However, London Greek Radio became one of Britain’s first-ever licensed ethnic radio stations upon being awarded its license.
On November 13th, 1989, LGR opened its doors as a fully legal station, with offices and a studio located on Vale Road, Haringey. In 2003, LGR purchased a freehold in Finchley and moved to its current studios in LGR House.
One of London’s first-ever licensed ethnic radio stations began official broadcasting on 13th November 1989 upon being awarded its license, breaking ground in changing the landscape of UK radio.
John Kyriakides, Chairman of London Greek Radio, described the twists and turns in the station’s turbulent history.
“It was a difficult and protracted journey. George Eracleous and Chris Harmanda, two young men who intended to launch a Greek-language pirate radio station in the early 1980s, are credited with founding the station. Eventually, the station became a target for the authorities, who prosecuted the founders and repeatedly threatened to arrest them. Though we had to share the frequency with an Afro-Caribbean channel, Eracleous and Harmanda never gave up, and with the help of the Greek and Cypriot communities, a few directors, and myself, the radio station was given a licence at the end of the decade.
“We were only permitted to broadcast for twelve hours at first, however after five years, the Afro-Caribbean station disbanded, and London Greek Radio was then granted a 24-hour radio licence and became an independent radio station.”
LGR 103.3 FM, celebrates 34 years of broadcasting as a radio station on 13th November 1989, becoming the UK’s longest-serving ethnic station to hold an FM license.
Over the years, London Greek Radio has become steadfast to a wide range of listeners; from maturing-settlers-to-the-UK to the coming-of-age London Greek-speakers – connecting listeners to their roots through a carefully balanced programming of music, speech, entertainment and news.
It serves advertising for many Greek and Cypriot run businesses in and around North London. LGR has recently increased its English language airtime encouraging more Greek-speaking young people to listen in, particularly during the daytime, drive time and evenings as part of the schedule. LGR is also recruiting younger presenters, who combine Greek music with discussions on everything from cultural identities to chart trends.
Over the years, LGR 103.3 FM has been known for its diverse musical offerings, covering a wide range of genres, including classic and modern laika, pop-laika, entehno, elafrolaiko, and many more. It also features a mix of music news, celebrity interviews, community chest shows and cultural content designed to appeal to its demographic.
The station is an integrated part of the communities’ social lives, including the organised Greekology events. Mr Eracleous suggested launching LGR nights at a local club, which helped to boost the credibility and impact of the station. In 2012, its debut at the Marquee Club with most notably, Cypriot Eurovision star Ivi Adamou, was sold-out with over 500 people in attendance. LGR Club Nights are currently the station’s biggest event, with more than a few dates in London taking place each year.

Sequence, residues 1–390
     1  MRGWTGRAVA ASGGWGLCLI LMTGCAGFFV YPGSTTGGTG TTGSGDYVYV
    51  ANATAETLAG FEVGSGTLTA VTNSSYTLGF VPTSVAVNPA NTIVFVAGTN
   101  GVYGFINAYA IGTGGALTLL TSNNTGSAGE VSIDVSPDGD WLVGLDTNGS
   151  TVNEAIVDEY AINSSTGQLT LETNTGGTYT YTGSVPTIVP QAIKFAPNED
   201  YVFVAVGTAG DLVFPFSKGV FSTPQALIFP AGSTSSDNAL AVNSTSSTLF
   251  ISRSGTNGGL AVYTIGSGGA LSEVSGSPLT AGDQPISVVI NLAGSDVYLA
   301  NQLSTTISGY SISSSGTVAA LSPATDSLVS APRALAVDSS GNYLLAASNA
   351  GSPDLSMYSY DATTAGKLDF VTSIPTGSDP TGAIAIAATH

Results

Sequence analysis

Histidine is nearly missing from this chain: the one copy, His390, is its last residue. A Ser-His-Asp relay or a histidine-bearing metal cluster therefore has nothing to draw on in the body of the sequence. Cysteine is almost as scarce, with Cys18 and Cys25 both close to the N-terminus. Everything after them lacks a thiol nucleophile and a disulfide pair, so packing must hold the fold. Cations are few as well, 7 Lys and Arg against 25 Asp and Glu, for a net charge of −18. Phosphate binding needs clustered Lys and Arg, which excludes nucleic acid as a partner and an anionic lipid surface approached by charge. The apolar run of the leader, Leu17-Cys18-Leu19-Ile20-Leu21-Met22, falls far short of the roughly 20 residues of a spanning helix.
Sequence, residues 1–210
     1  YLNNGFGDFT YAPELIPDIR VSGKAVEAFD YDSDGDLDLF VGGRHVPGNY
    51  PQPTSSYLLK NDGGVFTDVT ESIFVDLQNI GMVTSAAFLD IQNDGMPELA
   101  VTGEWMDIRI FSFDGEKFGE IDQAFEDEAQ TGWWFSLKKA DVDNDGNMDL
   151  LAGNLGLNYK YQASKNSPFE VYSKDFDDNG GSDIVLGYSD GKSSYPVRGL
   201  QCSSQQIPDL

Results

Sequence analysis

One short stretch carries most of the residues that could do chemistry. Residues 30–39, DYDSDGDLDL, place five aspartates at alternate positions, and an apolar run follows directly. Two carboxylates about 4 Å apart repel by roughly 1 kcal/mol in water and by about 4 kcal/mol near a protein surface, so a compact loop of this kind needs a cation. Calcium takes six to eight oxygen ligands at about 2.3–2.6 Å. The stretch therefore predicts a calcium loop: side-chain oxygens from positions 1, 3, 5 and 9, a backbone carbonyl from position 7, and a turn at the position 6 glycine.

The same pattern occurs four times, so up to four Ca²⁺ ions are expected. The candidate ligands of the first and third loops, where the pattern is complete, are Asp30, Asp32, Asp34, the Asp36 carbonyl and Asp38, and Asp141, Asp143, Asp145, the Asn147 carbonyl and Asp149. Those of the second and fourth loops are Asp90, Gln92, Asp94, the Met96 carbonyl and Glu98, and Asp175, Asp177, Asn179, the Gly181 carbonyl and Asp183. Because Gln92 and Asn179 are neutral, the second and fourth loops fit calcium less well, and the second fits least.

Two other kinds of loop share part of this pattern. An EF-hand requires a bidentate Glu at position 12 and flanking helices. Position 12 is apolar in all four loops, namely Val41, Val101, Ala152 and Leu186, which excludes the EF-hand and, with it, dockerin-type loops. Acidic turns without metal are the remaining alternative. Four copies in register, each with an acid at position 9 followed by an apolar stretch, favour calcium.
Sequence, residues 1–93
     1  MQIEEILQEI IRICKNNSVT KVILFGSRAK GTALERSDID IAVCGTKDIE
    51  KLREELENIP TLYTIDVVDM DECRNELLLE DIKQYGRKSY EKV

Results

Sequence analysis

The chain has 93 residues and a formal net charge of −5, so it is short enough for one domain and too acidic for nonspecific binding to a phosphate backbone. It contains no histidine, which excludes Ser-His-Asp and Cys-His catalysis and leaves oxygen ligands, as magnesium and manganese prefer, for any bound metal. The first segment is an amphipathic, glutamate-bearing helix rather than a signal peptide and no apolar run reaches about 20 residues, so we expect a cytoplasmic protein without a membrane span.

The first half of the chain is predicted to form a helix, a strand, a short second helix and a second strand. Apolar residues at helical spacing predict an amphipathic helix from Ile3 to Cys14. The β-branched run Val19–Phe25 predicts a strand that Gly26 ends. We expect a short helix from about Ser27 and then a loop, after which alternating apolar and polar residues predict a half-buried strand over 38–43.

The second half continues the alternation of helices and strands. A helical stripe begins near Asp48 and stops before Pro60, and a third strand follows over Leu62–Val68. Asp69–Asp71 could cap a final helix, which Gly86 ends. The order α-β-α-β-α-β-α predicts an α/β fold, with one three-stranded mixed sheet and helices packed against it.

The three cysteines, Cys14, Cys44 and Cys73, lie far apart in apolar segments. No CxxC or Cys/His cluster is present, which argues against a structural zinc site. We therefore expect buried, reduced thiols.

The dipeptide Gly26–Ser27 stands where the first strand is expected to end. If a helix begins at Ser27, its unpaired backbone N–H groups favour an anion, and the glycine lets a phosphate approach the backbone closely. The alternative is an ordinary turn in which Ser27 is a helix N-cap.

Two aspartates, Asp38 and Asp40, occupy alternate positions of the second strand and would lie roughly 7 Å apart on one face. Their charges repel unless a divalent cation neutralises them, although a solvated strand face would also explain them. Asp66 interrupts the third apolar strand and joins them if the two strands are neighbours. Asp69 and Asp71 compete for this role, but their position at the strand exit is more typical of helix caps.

LGR played a huge part in radio history, by giving Greek and Cypriot musicians the chance to discover a space for themselves in the music scene. Today it is the go-to station for the exploration of up-and-coming artists and homegrown talent and recently launched its own LGR Productions.
LGR has supported charities including Radiomarathon, London Autism Group Charity, UK Thalassaemia Society and Alkionides UK Charity. The Leukaemia Cancer Society even gives the credit to LGR in inspiring the creation of the cancer charity. The charity’s website acknowledges this fact.
“In 1994 London Greek Radio (LGR) put out a mother’s appeal for her son. Flushed with success the group decided to carry on recruiting new donors, raising awareness of blood cancers, and supporting patients with the disease. Within a year of hearing the appeal on London Greek Radio, the group had formed a committee and registered the charity.”
The LGR brand is still alive and well today. Today, in addition to serving communities on 103.3FM, LGR has been taken into 21st-century broadcasting by joining the Digital Radio platform.
LGR can now be heard in two major cities on DAB+ (digital radio), namely London and Birmingham.
Furthermore, listeners extend worldwide at lgr.co.uk and the station has a free app for mobile devices which listeners can download from the App or Play stores embracing the ‘on-the-move’ audience.
The audience base of LGR, which includes listeners from the Italian, Spanish, Arab, Jewish, Armenian, Bulgarian, and Turkish Cypriot communities, is well-established and diverse.
LGR’s Managing Director, Tony Jay, said, “More listeners are discovering the ever-growing London Greek Radio family every day, not only Greek-speaking listeners but English, Jewish, Albanian, Arab, Bulgarian, Turkish, Russian and many more that frequently tune in.
He added, “LGR is undergoing a revamp with fresh ideas to attract an even wider audience. Exciting times ahead ‘onwards and upwards’.”
LGR’s Chairman John Kyriakides, added, “With LGR’s edgier playlists of the biggest Greek and Cypriot tunes, Modern Laika, Greek Pop, Entehna, Golden-Oldies, Alternative, Folk and Current Chart Hits, we continue to serve the listener. It’s this enigmatic reason that the station remains the preferred choice in most Greek and Cypriot homes, offices, shops, factories, workplaces, vehicles and venues.
In conclusion, he states that “our multilingual programmes–English and Greek–reach a large and diverse audience on a global scale. It broadcasts music, interviews, announcements, community events, local news, Greek and Cypriot news in addition to church services. While catering to the lively lifestyle of one of London’s prosperous communities, the wide range of programmes are made to appeal to all age groups.”